In 2017, a piece of Western Australian real estate was put on the big screen as twins Jonathon 'Jono' and Andrew King starred in Channel 7's reality renovation show House Rules.
Now, the Mandurah twins' life-changing chapter is coming to a close with homeowner Jono and his wife Erika putting their much-loved Yanget Street home on the market.
A new start
It's the question on any buyer's mind - why are they selling?
Shortly after the show came to an end, Andrew moved out and later Jono's girlfriend-now-wife Erika moved in. Together they have built a new house in Mandurah, while Andrew moved into Perth.
Taking inspiration from their renovations and experience on House Rules, Jono said the show gave them a lot of creative liberty and allowed them to be more daring with design choices.
"We're going for a more mid-century look in the house, with patterned tiles. We're keeping our green kitchen, but a different sort of green. I don't think I would have picked that colour before House Rules," he said.
A few renovations have been made to the house following the show. Jono's bedroom, which was painted bright orange by contestants Troy and Bec, was quickly painted over.
A room had to be left in the house if the pair made it to the grand finale. Being eliminated in episode 34, meant they had an empty space to fill.
"There was a room we couldn't even access, there was no door to the room. You could see through little gaps in the brick. We ended up finishing that room off and made another little sitting room at the front of the house.
"We changed the front of the house too, we used to have circles of lawn. It was just too hard to mow."
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Jono hopes the next owner of the house is someone with an eccentric style, appreciates the bold colours and won't want to change it up too much.
"I hope the next owners get more use out of the keg than I did," he laughs.
Behind the scenes, on the show
"It was like a holiday in some sense because you worked for a week, and then spent seven or 10 days in Sydney waiting for judging to be filmed. We just lived it up like tourists for those days.
"On the renovation side, you had quite a big budget. Usually in your day to day life you can't just walk into a store and buy whatever you want. But on the show you could pick whichever furniture you wanted.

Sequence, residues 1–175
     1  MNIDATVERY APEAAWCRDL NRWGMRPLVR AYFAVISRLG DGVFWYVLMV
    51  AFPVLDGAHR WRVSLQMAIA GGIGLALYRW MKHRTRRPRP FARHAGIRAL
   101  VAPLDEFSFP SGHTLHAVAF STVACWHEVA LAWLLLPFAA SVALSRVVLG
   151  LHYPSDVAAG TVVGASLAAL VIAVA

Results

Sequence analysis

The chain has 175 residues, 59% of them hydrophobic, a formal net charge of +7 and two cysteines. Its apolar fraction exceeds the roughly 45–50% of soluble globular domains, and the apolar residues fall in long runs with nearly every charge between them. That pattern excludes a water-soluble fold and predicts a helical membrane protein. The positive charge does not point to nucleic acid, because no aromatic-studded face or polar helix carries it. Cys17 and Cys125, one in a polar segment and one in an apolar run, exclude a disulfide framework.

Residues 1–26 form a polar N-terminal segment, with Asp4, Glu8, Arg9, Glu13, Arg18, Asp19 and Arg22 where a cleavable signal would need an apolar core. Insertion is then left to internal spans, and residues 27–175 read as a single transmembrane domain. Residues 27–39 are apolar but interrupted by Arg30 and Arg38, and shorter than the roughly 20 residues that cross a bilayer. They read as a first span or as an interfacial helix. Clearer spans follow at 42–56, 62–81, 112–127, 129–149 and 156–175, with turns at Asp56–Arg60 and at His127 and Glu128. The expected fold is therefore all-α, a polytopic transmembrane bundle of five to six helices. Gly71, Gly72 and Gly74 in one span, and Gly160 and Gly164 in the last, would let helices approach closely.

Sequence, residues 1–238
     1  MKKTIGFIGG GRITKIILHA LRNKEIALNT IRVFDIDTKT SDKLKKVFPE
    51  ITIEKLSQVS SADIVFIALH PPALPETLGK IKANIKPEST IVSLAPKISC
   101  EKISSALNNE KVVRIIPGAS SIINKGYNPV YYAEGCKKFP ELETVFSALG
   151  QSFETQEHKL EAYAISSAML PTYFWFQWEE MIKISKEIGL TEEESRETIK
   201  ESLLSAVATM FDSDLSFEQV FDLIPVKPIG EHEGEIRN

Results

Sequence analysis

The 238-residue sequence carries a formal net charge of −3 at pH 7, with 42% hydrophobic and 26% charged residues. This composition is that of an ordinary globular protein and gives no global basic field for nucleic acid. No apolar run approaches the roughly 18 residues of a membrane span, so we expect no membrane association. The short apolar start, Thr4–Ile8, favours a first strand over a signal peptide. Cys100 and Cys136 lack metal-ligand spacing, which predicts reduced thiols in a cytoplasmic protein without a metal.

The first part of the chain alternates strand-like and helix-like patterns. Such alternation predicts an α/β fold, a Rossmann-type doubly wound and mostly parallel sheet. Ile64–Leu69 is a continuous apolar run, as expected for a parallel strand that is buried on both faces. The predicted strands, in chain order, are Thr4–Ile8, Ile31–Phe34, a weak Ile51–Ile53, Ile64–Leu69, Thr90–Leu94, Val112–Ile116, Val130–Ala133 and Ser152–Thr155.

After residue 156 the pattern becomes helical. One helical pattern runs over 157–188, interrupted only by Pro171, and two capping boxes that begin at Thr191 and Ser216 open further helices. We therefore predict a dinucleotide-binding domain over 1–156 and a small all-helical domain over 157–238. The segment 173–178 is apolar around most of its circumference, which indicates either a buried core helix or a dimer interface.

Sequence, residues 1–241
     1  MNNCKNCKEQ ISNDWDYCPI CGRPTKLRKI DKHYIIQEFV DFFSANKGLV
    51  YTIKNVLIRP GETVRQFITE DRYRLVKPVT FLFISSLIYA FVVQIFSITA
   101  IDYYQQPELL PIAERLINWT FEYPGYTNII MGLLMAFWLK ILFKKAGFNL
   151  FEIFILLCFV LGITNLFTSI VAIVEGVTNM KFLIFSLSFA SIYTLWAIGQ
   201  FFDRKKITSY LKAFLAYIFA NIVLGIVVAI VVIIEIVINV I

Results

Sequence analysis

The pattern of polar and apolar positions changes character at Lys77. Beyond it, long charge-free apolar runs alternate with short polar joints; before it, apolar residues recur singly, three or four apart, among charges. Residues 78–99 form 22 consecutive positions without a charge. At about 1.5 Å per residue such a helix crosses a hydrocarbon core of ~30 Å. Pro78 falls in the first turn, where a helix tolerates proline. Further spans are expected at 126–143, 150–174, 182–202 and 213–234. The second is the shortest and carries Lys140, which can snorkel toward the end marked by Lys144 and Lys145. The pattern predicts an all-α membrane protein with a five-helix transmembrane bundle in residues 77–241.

"And different styling items, which you wouldn't normally buy for yourself," Jono explained.
The mystique of how the contestants managed to renovate entire homes in the span of seven days captivated audiences.
Having their days interrupted by shooting interviews put the pressure on getting the job done, cutting into their time and focus. Thankfully, the big budgets managed to cover tradies and labourers, who didn't have the responsibility of being a TV personality.
Production and editing of TV shows can paint anyone in unflattering light, but Jono argued a lot of the portrayals of personalities were accurate.
"There were a few villains, they really were very competitive people and took a long time to warm up to others. They had dug themselves a hole by the time they did warm up.
"It was a fair enough portrayal of how they acted on the show."
Jono and Andrew were a well-loved duo on the show, with a huge interest in their story long after the show ended.
From being recognised on the street to having a mini bus full of retirees park out the front like a school excursion, Mandurah residents were visibly excited at having their town in the spotlight for a while.
The latest project
Jono and Andrew's latest venture is a podcast starring their dad, Dave, who has had a diverse career with a working history that involves more than 60 jobs. The podcast talks stories from Dave's career, and his quest to find the perfect job, proving you're never too old to find your calling.
The second season of 'Jobs My Dad Did' has just finished recording and will be available from the end of May.
You can listen here
19 Yanget Street is listed with Acton Mandurah and is a set date purchase for May 29. The home will be open for inspections this Sunday May 15 between 3-3:45pm local time.